Apple Nixes iOS Security Tool From Noted ResearcherStefan Esser: Tool Passed Three Reviews But Was Booted
Apple's App Store can be a tricky club. Even if an app gets in, that doesn't mean the store's bouncers won't come around for it another time.
Essers' app, called System and Security Info, was designed to be a cheap tool that runs a basic survey to indicate if an iOS device has been hacked or secretly "jailbroken." Jailbreaking, a practice that Apple strongly discourages, is the term for removing iOS's security defenses that prevent the installation of apps outside of Apple's store (see Jailbreaking iOS Devices: Risks to Users, Enterprises).
The app, which cost $0.99, was in the store for about a week before Apple booted it over the past weekend. Apple officials couldn't be reached immediately for comment.
Apple generally forbids what would be considered true security applications from running on iOS. The company doesn't allow deep access into the operating system needed for certain kinds of security monitoring, which has rankled security experts.
Essers has long been a critic of Apple's security processes, claiming that the company sometimes doesn't patch the bugs it says it does. In fact, the functionality of System and Security Info depended, in part, on APIs Apple said it would close off to developers but didn't.
With the app, Essers was pushing the limits: Would Apple give his company's app a pass?
"We expected that Apple might not let the app into the store," Essers tells ISMG. "But when we went through three App Store reviews, we thought 'Wow, Apple has really changed, and they are OK with this app and do not try to hide security problems from their users anymore.' Apparently, we were wrong."
Tough to Tell: Has an iPhone Been Hacked?
It's difficult for even security professionals to figure out if an iPhone has been hacked. Because iOS is so locked down, SektionEins has resorted to using private jailbreak exploits for investigations, a method that isn't cheap. It essentially amounts to hacking an iPhone to figure out if it has been hacked.
"We, therefore, wanted to provide the public with a low-cost solution to find out if someone used one of the public jailbreaks or a customized version to hack and backdoor your device," Essers says in a blog post.
System and Security Info shows a list of running processes, which can help someone determine if an app is doing something it is not supposed to. It also looks for clues that a device may have been jailbroken using one of the known jailbreak exploits. Other signs it looks for include whether code-signing functionality has been disabled and if apps' SHA-1 hashes are legitimate.
Essers cautions that the tool isn't a replacement for a full analysis, but rather a good first sweep.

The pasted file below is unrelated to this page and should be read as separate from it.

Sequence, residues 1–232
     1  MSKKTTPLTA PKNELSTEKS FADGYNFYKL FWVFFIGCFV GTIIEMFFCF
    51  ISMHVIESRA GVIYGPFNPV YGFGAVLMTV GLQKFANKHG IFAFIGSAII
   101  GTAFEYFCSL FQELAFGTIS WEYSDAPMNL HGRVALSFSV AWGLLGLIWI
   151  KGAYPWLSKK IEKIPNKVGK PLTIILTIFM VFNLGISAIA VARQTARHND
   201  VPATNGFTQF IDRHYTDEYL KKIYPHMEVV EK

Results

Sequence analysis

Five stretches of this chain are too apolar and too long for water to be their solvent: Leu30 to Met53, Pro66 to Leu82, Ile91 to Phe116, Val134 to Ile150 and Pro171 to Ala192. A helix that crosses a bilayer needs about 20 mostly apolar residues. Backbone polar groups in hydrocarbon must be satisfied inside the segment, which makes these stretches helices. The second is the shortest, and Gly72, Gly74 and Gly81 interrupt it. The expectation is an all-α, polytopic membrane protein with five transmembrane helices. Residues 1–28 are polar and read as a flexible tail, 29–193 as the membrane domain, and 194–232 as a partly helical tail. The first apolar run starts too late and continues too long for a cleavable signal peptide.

But over the weekend, Apple pulled Essers' app, saying it "provides potentially inaccurate and misleading diagnostic functionality for iOS devices to the user."
"Currently, there is no publicly available infrastructure to support iOS diagnostic analysis," according to a a statement from Apple that Esser posted via Twitter. "Therefore your app may report inaccurate information which could mislead or confuse your users."
Here. It basically says: we do not want our users to have the impression iOS could have security holes. go away. pic.twitter.com/7II1q96ZMt— Stefan Esser (@i0n1c) May 14, 2016
System and Security Info compiled its information using APIs that Apple said last year it would close off. Apple made the changes to prevent applications from gathering information on other applications running on a system, which could be used for attack intelligence.
Essers asserts the changes, however, were only partial, and it was still possible to pull a list of running processes and other information, which has only positive security benefits.
"Apple has really bad QA [quality assurance] of security fixes, and unless this becomes more widely known and customers start to [ask] about it, they will not change," he says. "Apple still needs to get their Microsoft moment."
App Store: Largely Secure
Apple relies on a vetting process for new apps, which has largely kept its App Store free of malicious software. But there are notable exceptions.
Indeed, attackers have developed more sophisticated methods to slip past Apple's censors and appear in the store, at least for brief periods. In September 2015, more than 4,000 apps were discovered in the store that had been created with XcodeGhost, a malicious version of Apple's XCode development tool (see Apple Malware Outbreak: Infected App Count Grows).
The fake version of XCode added hidden code to an app compiled with it. Those apps could then collect information about an iOS device it was running on or open URLs. Apple quickly responded with a large sweep that removed the suspicious apps from its marketplace.